Adapted from { Best Ever Veggie Burgers – The Kitchn }

  • 4 small beets
  • 1/2 cup brown rice (uncooked)
  • 1 medium yellow onion, diced small
  • 3-4 cloves garlic, minced
  • 2 tablespoons cider vinegar
  • 1/4 cup oats
  • 2 (15.5-ounce) cans black beans
  • 1/4 cup prunes, chopped into small pieces.
  • 1 tablespoon extra-virgin olive oil
  • 1 tablespoon smoked paprika
  • 2 teaspoons brown mustard
  • 2 teaspoons cumin
  • 1/2 teaspoon coriander
  • 1 large egg
  • Salt and pepper
  1. Heat the oven to 400°F, wrap the beets loosely in aluminum foil and roast until easily pierced with a fork, 50 to 60 minutes. Set aside to cool.
  2. Meanwhile, bring a 2-quart pot of water to a boil. Salt the water generously and add the rice. Reduce the heat to a simmer and cook the rice until it’s a little beyond al dente. You want it a little over-cooked, but still firm (not completely mushy). This should take about 35 to 40 minutes. Drain the rice and set it aside to cool.
  3. Heat a teaspoon of olive oil in a skillet over medium-high heat. Add the onions and a pinch of salt. Stir the onions every minute or two, and cook until they are golden and getting charred around the edges, 10 to 12 minutes. A few wisps of smoke as you are cooking is ok, but if it seems that the onions are burning, lower the heat. A dark, sticky crust should develop on the bottom of the pan.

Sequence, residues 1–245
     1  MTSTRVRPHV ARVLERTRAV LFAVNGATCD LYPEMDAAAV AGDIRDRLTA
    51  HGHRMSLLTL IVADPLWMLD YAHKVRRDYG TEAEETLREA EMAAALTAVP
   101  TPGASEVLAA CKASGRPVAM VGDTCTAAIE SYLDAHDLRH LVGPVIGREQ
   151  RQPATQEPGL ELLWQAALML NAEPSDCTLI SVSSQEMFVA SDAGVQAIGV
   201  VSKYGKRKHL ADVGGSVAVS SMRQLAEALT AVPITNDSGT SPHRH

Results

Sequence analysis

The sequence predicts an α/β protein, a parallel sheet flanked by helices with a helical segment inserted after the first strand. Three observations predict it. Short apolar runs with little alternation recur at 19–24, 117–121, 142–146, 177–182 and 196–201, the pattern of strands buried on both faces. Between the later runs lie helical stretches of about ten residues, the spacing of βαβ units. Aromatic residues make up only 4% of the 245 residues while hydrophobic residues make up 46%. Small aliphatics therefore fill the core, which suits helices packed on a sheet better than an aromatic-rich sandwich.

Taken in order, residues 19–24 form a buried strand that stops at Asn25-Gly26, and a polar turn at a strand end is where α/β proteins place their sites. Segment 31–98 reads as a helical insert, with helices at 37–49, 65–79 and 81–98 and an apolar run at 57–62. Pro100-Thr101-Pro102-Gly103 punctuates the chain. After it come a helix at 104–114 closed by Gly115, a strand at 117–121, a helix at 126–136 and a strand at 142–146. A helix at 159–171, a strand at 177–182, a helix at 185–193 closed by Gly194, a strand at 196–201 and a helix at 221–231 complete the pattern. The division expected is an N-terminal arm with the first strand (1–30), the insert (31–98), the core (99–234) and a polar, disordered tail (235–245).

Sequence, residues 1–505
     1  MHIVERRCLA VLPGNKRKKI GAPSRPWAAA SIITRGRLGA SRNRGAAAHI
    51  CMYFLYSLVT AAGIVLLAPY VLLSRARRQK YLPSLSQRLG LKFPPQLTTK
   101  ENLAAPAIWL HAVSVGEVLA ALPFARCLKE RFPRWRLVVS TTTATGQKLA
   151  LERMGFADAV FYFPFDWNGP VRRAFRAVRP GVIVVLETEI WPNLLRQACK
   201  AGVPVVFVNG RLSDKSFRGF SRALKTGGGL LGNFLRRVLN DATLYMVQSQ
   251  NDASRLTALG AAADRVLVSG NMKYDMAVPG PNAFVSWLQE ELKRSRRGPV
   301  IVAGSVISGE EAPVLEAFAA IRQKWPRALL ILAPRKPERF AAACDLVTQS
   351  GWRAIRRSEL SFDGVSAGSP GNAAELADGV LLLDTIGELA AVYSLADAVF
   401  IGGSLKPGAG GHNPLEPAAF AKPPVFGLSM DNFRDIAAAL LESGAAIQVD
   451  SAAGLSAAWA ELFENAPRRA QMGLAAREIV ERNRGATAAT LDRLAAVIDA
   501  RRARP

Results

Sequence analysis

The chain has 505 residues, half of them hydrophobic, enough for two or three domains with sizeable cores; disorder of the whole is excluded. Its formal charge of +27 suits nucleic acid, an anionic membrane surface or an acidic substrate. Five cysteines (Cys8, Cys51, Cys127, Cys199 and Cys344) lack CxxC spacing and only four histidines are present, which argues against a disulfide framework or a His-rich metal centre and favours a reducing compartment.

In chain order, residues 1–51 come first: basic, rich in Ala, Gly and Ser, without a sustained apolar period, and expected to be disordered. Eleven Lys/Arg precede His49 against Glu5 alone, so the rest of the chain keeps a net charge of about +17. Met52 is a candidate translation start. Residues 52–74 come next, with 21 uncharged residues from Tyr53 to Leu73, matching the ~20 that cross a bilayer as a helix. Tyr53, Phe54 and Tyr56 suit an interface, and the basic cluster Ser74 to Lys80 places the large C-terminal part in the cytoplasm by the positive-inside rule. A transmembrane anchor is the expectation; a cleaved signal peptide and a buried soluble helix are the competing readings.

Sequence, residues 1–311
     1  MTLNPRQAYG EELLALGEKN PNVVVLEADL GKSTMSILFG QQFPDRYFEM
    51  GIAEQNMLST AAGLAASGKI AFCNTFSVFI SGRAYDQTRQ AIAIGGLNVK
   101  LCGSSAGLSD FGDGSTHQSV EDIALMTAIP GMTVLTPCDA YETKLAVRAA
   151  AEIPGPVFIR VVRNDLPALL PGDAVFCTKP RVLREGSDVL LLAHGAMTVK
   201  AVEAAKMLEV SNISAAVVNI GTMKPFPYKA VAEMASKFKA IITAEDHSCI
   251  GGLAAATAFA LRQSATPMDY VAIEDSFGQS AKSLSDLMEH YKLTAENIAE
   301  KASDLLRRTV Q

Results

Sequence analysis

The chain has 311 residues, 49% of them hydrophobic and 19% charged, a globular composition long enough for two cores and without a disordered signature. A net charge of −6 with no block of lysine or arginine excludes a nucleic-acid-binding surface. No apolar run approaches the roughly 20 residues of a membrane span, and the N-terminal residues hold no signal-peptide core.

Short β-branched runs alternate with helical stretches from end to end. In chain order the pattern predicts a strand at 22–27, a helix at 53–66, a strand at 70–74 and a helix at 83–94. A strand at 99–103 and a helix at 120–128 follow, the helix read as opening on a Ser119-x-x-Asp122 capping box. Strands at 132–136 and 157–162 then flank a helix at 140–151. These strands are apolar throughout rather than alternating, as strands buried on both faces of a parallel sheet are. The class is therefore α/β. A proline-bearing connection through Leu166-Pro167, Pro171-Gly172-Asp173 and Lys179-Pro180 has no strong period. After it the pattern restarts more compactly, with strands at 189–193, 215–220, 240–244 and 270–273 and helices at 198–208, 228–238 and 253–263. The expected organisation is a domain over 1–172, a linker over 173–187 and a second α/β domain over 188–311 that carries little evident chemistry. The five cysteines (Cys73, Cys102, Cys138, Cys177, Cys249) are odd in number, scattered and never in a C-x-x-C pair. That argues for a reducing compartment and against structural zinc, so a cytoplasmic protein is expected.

4. Add the garlic and cook until it is fragrant, about 30 seconds. Pour in the cider vinegar and scrape up the dark sticky crust. Continue to simmer until the cider has evaporated and the pan is nearly dry again. Remove from heat and set aside to cool.
  5. Process the oats in a food processor until they have reduced to a fine flour. Transfer to a small bowl and set aside.
  6. Drain and rinse one of the cans of beans and transfer the beans to the food processor. Scatter the prunes on top. Pulse in 1-second bursts just until the beans are roughly chopped — not so long that they become mush — 8 to 10 pulses. Transfer this mixture to a large mixing bowl. Drain and rinse the second can of beans and add these whole beans to the mixing bowl as well.
  7. Use the edge of a spoon or a paper towel to scrape the skins off the cooled roasted beets; the skins should slip off easily. Grate the peeled beets on the largest holes of a box grater. Transfer the beet gratings to a strainer set over the sink. Press and squeeze the beet gratings to remove as much liquid as possible from the beets.
  8. Transfer the squeezed beets, cooked rice, and sautéed onions to the bowl with the beans. Sprinkle the olive oil, brown mustard, smoked paprika, cumin, and coriander over the top of the mixture. Mix all the ingredients until combined. Taste the mixture and add salt, pepper, or any additional spices or flavorings to taste. Finally, add the oatmeal flour and egg, and mix until you no longer see any dry oatmeal or egg.